Twitter Ups Security After 250K Accounts Reset

February 7, 2013
Ryan Giggs with Twitter Birds Circling A by ssoosay, on Flickr
Creative Commons Attribution 2.0 Generic License  by  ssoosay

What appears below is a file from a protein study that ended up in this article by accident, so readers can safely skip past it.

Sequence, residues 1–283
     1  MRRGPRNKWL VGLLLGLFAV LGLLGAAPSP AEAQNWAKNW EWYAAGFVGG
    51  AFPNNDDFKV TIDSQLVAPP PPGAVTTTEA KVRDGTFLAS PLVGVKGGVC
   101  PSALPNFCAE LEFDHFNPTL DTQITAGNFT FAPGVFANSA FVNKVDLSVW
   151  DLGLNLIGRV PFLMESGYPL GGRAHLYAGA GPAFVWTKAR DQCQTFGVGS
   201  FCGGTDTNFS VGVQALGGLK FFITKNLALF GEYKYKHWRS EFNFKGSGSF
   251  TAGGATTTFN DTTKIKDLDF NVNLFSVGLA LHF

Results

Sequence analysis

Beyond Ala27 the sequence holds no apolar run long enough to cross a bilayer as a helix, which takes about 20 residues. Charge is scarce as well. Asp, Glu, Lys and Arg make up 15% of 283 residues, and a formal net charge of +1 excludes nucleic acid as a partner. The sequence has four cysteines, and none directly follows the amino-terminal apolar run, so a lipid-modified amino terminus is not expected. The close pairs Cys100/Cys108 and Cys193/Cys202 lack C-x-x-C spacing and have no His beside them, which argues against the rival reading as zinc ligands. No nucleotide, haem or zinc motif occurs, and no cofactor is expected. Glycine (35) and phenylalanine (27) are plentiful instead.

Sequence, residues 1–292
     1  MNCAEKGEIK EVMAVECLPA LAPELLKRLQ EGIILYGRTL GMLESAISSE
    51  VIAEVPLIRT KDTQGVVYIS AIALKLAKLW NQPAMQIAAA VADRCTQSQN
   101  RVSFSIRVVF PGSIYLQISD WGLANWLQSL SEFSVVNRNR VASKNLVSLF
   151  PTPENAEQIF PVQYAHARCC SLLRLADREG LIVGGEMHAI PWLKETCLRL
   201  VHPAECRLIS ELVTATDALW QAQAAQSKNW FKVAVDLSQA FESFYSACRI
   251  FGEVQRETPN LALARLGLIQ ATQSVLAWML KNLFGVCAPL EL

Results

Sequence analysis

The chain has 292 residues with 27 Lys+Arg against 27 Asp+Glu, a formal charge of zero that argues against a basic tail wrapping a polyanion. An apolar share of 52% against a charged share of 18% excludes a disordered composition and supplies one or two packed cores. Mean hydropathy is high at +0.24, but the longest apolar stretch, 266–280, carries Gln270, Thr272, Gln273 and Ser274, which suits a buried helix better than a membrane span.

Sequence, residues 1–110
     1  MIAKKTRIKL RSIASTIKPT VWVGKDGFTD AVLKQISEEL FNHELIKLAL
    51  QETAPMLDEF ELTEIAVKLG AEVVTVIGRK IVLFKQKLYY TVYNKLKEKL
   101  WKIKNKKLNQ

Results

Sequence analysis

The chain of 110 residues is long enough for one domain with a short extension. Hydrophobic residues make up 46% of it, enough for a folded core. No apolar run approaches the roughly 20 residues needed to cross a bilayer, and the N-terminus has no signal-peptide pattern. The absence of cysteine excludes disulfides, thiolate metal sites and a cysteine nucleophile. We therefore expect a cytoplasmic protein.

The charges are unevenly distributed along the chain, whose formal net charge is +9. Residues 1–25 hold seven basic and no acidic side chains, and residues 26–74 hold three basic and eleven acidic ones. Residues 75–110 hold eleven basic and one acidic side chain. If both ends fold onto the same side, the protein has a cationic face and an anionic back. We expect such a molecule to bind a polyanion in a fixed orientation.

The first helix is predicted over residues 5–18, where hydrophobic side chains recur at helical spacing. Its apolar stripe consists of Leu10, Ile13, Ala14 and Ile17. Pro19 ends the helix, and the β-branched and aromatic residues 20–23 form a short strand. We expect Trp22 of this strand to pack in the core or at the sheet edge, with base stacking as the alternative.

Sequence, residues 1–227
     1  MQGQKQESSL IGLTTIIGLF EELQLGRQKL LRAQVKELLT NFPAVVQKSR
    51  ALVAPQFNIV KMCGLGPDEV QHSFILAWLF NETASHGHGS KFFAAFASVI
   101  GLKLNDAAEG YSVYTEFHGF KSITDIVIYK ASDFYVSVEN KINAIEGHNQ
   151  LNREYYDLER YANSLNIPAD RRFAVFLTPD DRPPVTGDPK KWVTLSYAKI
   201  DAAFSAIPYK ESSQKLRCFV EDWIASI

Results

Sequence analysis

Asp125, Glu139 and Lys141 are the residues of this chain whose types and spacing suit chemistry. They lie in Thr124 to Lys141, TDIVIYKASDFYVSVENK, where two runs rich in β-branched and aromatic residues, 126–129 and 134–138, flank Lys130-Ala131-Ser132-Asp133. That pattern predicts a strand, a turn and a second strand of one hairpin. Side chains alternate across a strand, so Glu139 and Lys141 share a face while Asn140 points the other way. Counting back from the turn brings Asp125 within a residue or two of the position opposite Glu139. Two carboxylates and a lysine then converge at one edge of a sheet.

Twitter has shared that the company is looking forward to introducing two-factor authentication (or 2FA) on the website following a breach on its servers?that led to around 250,000 Twitter users having their account passwords reset. The company did not specify who most likely caused the attack or even the extent of the damage. At present, Twitter uses OAuth as its authentication protocol. Secure Socket Layer or SSL encryption is also used by the social micro-blogging site to protect the information being transferred among its servers. Had 2FA been installed, the problem in the previous week could have been prevented. 2FA only allows the owner to access the account even in the event of a lost password. 2FA or two factor authentication is defined as an approach that requires presenting a knowledge factor and a possession factor. An inherent factor may also be used, as long as there are two out of three present. The knowledge factor refers to the PIN or password. The possession factor refers to a smart phone or keycard. The inherent factor refers to an eye iris or fingerprint pattern. Although Twitter has not confirmed if and when it will be introducing the new protection approach, experts highly recommend that future problems can be avoided effectively if it is available. A number of well-known online companies have already used 2FA to protect the information on their servers such as Microsoft and Google. Twitter also needs to consider the potential consequences that come with 2FA. Should the owner lose the physical token, it will be very hard to retrieve or access the account.

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